The Chicago Public Education Fund, which I chair, is a venture philanthropy that raises private equity to invest in creating sustainable improvements in our schools. The Fund was one of the first to identify talent as the critical lever to improving schools, and we are a nationally recognized expert on human capital and school leadership. We use alternative approaches to attract, train, and support educational leaders. We have invested in programs in Chicago to help identify and recruit top talent—both from within and outside the educational system. Many of our initiatives—such as New Leaders for New Schools, University of Illinois at Chicago Urban Education Leadership Program, and the Teach for America-Harvard Graduate School of Education Principal Pipeline—are helping to recruit, train, and support aspiring school leaders. Just as important, these pipeline programs are supplying capable and dynamic leaders to schools that desperately need them.
Yet much more needs to be done. That's why the Chicago Public Education Fund has committed $1 million and is the lead investor in National Board Certification for Educational Leaders, which was launched earlier this year. The initiative will ask principals to measure themselves against a set of rigorous standards, or "best practices," that research validates as having the greatest impact on student achievement and school effectiveness. We have done this nationally for teachers over the past two decade though the National Board for Professional Teaching Standards, which has an extensive research base. In 2008, after one of the most comprehensive studies ever conducted of an education program, the National Research Council found that National Board Certification has a positive impact on student achievement.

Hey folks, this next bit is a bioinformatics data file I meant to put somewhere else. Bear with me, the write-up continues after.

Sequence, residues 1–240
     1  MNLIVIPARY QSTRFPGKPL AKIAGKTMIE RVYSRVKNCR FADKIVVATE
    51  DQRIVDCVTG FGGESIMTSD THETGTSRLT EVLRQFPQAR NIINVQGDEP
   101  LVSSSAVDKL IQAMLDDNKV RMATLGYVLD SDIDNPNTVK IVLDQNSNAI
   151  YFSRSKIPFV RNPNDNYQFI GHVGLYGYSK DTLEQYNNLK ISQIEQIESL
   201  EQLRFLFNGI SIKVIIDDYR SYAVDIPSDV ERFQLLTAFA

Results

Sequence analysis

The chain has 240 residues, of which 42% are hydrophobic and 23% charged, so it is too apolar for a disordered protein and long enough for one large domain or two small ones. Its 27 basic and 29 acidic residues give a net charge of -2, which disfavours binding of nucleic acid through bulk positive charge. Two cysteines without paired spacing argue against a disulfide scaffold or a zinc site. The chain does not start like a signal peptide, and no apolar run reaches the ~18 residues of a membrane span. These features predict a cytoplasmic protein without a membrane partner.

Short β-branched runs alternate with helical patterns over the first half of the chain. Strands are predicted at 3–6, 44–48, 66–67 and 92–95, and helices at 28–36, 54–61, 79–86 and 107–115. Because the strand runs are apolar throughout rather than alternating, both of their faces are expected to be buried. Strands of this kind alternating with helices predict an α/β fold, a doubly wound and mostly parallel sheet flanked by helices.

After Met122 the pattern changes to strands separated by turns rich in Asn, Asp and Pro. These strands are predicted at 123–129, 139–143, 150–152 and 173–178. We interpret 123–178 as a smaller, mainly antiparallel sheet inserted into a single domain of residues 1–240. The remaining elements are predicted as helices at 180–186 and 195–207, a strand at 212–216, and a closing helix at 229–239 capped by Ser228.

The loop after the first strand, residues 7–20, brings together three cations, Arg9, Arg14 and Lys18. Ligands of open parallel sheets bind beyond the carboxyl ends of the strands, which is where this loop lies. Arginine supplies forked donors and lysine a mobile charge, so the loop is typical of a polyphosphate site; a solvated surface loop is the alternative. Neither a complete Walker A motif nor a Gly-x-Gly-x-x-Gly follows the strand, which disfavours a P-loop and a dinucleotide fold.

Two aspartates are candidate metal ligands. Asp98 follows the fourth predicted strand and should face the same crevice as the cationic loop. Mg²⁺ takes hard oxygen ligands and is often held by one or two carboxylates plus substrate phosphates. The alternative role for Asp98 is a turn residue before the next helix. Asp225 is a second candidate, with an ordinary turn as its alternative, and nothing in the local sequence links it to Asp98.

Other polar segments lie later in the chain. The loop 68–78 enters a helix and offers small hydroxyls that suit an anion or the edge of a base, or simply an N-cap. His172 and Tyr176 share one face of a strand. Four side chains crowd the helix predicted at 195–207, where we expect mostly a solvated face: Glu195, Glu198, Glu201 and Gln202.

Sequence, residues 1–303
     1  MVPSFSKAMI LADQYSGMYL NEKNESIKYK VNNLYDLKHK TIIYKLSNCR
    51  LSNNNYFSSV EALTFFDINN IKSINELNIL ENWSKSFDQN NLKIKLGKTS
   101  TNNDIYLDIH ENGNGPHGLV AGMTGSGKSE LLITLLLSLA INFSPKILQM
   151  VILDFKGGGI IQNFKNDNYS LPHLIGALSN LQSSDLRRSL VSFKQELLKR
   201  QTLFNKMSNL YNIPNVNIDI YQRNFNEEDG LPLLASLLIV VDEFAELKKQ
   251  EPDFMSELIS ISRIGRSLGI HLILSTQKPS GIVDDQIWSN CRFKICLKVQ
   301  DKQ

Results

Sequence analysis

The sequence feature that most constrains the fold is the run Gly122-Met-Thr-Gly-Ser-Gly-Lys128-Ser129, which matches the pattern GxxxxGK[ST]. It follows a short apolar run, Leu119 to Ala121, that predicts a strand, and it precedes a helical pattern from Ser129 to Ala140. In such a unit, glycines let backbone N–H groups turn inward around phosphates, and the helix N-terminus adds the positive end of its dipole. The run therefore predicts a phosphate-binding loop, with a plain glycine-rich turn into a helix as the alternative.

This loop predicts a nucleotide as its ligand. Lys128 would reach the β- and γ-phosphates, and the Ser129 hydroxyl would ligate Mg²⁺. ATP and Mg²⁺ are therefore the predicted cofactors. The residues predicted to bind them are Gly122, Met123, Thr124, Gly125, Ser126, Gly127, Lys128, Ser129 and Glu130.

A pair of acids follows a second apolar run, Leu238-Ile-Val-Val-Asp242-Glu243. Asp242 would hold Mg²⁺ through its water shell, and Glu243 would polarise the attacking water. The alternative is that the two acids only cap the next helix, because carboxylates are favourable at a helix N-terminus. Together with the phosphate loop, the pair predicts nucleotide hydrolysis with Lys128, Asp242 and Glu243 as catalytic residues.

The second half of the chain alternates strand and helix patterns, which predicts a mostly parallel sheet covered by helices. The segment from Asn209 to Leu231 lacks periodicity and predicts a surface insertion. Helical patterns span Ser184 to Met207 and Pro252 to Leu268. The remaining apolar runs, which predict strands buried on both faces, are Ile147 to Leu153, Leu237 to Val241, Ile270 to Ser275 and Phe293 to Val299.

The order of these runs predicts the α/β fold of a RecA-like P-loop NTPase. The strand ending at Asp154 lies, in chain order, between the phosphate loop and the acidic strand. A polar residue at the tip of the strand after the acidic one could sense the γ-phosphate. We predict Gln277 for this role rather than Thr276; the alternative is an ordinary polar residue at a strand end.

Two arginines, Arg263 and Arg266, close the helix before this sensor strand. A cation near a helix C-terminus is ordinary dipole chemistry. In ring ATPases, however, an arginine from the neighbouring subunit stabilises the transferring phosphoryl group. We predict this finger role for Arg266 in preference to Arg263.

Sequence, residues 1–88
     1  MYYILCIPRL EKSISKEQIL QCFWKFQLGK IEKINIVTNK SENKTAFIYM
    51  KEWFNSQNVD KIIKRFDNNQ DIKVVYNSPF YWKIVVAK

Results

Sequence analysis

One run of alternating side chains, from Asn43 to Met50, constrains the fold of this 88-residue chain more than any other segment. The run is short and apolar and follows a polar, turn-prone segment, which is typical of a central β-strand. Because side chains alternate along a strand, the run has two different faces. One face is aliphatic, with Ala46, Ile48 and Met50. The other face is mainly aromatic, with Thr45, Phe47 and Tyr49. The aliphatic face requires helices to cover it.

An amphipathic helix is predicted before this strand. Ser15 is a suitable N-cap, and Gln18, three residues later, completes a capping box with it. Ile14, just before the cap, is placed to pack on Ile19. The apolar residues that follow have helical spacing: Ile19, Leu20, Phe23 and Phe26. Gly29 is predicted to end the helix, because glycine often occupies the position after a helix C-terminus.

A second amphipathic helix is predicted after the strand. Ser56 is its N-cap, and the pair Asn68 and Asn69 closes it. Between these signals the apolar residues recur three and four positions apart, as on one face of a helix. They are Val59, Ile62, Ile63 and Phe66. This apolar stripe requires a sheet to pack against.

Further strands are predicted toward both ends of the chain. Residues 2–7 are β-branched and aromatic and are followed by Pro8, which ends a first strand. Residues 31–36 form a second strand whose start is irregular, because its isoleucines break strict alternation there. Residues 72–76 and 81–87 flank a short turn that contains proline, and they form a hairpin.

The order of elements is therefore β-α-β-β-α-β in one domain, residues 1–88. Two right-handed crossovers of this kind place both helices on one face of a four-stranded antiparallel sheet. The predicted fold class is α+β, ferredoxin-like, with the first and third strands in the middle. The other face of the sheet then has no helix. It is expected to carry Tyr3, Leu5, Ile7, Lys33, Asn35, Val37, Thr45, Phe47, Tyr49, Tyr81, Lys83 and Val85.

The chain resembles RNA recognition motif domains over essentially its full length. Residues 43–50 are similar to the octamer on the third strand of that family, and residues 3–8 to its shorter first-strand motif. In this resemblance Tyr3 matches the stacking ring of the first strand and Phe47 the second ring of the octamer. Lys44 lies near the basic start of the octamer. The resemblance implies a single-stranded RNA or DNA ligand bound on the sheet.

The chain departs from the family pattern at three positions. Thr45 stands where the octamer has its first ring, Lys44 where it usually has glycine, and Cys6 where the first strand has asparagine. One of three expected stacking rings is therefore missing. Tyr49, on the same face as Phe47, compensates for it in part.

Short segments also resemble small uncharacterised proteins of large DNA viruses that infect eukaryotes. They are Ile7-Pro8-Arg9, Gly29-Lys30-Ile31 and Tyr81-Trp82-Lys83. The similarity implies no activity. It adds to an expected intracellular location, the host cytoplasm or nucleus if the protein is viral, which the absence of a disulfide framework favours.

Board certification exists in many professions. Physicians, attorneys, and accountants all must meet rigorous standards. Our school leaders must be measured against professional standards, too. The Fund knows that school districts often struggle with objective ways to identify effective leadership practices. That's why National Board Certification for Educational Leaders is so necessary. Principals who reach this level of certification will demonstrate that they make decisions based on evidence and data, create schools that are committed to high expectations, and recruit and retain high-quality teachers who can improve student achievement.
In a show of support, the U.S. Congress and a number of major foundations from the business community recently pledged more than $3 million to help develop this certification process.
Businesses understand that continuing success depends upon being "talent-rich," and they invest heavily in ongoing training and education. In the corporate world, effective leaders must simultaneously bolster results and manage systems while also building and maintaining strong organizational cultures. Running a school requires similar skills. Our society must recognize and measure the full complexity of the school principal's work. If we are to remain competitive and if our young people are to compete in today's global economy, our schools must become optimal places to learn. Improved leadership is essential. The standards for advanced leader certification can help us get there by guiding intelligent investment in leadership strategies and policies. That's a goal all business leaders can support.